Indonesia | Economics

Sunday, September 17, 2006

Peer effects at work

Discussions of peer effects keep coming back here. I started with this post on research excellence, followed by this post on scholarship allocation.

Then, this morning, I found Greg Mankiw reviewing two recent findings on peer effects. Two separate studies reviewed found that: a) a person works harder when he has hard-working peers; and b) exposure to older peers and relatively less supervision have deleterious consequences to sixth-graders. These results question the assumption of the uncorelatedness of utility functions held by most economists.

With regards to child-rearing, the topic is discussed in Judith Rich Harris's excellent The Nurture Assumption. Meanwhile on the national scene, the recent controversial policy on creating an industrial estate (reported here and here in Kompas) is, in essence, an effort to bank on peer effects at firm levels (also known as agglomeration).

Like Mankiw said, peer effects is a hot research topic. Doctorate candidates looking for research topics, take heed!

Update (9/20): Muli questions my depiction of the industrial estate policy as an example of peer effects here. I think he is right -- it is an example of banking on the economies of scale (both are examples of increasing returns).

4 Comments:

  • Arya, I am not looking for a research topic. Rather, I am trying hard to level myself with my hard-working peers...:-)

    By Anonymous philips vermonte, at 9/18/2006 02:40:00 pm  

  • Arya,

    I don't think what the government has in mind through the proposed industrial estate law (RPP KI) is "banking on peer effects at firm levels," but rather 'order' and (supposedly) easier control of pollution. My favorite books on industrial agglomeration & spillover effects on firms are Storper and Walker's The Capitalist Imperative and Saxenian's Regional Advantage. The latter specifically looks at Silicon Valley and Boston's Route 128. These two books explain why industries do not just agglomerate randomly. Any industry's location is based on careful planning & strategizing done the industry based on its specific interests. Moreover, natural agglomerations & further regional growth that result from peer effects and intra-industry trade (among a number of factors) happen over a period of time. That's why many attempts to "recreate Silicon Valley" elsewhere have failed.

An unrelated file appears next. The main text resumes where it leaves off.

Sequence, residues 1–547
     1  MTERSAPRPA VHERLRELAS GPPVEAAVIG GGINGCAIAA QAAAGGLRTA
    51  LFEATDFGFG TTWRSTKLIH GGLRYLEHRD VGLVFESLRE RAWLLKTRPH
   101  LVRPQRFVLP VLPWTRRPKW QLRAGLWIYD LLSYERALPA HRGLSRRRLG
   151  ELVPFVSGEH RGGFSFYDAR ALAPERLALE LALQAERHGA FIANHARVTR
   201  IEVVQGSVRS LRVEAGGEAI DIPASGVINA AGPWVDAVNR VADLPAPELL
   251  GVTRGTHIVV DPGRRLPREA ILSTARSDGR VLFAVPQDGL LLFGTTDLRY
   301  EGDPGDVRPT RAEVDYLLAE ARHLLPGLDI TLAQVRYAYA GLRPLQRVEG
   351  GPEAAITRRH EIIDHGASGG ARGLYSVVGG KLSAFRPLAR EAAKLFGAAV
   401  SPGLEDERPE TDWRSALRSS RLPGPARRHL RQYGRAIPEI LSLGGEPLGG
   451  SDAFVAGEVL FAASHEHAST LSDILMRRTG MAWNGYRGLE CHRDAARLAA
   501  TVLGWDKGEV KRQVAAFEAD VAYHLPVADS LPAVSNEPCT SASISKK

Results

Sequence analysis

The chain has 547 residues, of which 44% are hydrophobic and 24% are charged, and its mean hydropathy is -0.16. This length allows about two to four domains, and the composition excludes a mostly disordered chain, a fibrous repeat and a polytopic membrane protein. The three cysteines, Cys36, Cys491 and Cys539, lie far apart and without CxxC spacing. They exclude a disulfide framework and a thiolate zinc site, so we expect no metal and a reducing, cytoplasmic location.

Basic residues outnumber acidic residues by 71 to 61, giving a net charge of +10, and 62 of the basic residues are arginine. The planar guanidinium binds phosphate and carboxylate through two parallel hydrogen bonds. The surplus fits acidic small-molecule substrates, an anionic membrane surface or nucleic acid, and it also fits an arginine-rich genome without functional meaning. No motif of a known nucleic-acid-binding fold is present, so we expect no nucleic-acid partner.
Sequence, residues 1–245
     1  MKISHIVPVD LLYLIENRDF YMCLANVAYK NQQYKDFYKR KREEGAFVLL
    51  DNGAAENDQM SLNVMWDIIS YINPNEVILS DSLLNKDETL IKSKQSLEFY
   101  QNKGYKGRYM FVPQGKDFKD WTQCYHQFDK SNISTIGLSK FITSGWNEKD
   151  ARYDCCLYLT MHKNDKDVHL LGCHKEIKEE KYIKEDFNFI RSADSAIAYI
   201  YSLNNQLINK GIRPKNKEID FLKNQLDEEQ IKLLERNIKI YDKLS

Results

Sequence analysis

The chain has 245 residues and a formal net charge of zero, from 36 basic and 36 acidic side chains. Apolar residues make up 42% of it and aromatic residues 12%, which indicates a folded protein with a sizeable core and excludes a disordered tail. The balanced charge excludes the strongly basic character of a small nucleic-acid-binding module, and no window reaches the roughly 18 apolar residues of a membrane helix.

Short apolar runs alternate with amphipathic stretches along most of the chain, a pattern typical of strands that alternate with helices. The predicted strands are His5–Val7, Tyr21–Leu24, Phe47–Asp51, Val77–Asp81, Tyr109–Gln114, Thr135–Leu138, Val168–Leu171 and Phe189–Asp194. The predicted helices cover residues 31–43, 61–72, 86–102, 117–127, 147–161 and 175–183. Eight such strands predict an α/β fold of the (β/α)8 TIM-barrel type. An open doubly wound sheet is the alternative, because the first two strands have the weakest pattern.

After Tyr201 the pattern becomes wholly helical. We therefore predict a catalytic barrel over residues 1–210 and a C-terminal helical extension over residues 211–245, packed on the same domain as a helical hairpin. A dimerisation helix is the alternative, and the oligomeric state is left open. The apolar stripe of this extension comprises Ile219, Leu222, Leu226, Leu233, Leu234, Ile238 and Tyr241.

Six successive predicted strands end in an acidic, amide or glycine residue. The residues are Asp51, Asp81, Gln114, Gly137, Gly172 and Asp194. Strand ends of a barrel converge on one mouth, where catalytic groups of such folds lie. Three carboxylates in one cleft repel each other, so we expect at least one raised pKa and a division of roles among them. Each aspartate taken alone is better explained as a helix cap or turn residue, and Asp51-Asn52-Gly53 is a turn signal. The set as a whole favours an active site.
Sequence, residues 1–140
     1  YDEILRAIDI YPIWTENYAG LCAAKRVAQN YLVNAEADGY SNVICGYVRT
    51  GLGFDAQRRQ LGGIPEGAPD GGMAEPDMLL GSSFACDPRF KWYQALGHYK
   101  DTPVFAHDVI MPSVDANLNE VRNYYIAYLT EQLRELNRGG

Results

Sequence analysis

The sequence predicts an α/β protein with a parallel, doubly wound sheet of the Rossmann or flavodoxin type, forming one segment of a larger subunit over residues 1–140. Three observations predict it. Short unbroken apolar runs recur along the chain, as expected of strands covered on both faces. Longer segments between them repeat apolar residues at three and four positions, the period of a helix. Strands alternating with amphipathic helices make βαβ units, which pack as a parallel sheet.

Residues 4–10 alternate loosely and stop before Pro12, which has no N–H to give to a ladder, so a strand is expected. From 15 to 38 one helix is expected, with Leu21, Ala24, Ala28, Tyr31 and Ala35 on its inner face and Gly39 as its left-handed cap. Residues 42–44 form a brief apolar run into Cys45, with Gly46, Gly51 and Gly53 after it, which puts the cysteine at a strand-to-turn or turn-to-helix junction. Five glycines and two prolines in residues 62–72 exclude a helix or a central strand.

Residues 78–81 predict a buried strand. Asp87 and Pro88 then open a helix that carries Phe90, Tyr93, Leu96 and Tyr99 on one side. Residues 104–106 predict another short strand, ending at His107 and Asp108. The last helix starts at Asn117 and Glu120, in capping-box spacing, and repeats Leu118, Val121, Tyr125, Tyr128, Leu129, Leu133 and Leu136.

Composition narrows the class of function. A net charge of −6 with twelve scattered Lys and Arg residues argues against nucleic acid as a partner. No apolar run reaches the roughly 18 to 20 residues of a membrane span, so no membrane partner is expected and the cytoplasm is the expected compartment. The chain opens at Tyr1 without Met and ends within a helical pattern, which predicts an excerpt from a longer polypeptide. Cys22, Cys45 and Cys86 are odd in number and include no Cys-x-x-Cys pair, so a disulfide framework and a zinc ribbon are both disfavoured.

Not commenting on the pollution control issue, I think RPP KI is extremely harmful for, and possibly an insult to, industries.

    Anyways, it's interesting that you should use the term "agglomeration" rather than "cluster". Someone told me once that although they mean the same the former is normally used by geographers and the latter economists :)

    By Blogger Muli, at 9/19/2006 08:23:00 am  

  • Philips,
    And by doing so, you work so hard that you don't update your blog so often anymore... ;-)

    Mul,
    On the second thought, I think you're right. Instead, I should have written "the law is aimed to bank on the economies of scale (maximising positive externalities, i.e., infrastructure; and negative externalities, i.e., pollution and preman management)".

    Because both exhibit increasing returns, I somehow mix them up in my head. I'll update my post.

    I don't have a final verdict yet on whether RPP-KI is justified. In general, it seems to reflect more the government's need with little consideration of the needs of the industries, but I have think some more.

    I think "agglomeration" is, per Krugman, now part of economists' parlance, while "cluster" is (perhaps) more of policymakers'.

    By Blogger Arya, at 9/19/2006 06:41:00 pm  

  • an aside from psychology, the excellency of rich harris' "the nurture assumption" is still debatable, especially in the academic world of developmental psychology. here's an exchange of emails between her and jerry kagan, one of the towering figures in the field: http://home.att.net/~xchar/tna/slate.htm. take home message: distangling peer-effect from genetic and parental influence is far from easy -- so perhaps this would ring a caution bell to economists too...

    By Anonymous tirta, at 9/21/2006 07:31:00 pm  

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